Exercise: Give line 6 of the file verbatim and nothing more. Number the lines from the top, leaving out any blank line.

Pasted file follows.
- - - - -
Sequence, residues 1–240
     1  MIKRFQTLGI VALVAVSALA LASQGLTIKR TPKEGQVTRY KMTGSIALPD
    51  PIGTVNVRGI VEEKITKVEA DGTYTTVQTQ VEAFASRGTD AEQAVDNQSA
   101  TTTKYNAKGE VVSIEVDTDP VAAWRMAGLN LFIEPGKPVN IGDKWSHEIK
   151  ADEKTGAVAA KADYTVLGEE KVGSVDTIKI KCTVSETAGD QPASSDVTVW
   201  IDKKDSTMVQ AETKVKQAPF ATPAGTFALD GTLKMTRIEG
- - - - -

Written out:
   201  IDKKDSTMVQ AETKVKQAPF ATPAGTFALD GTLKMTRIEG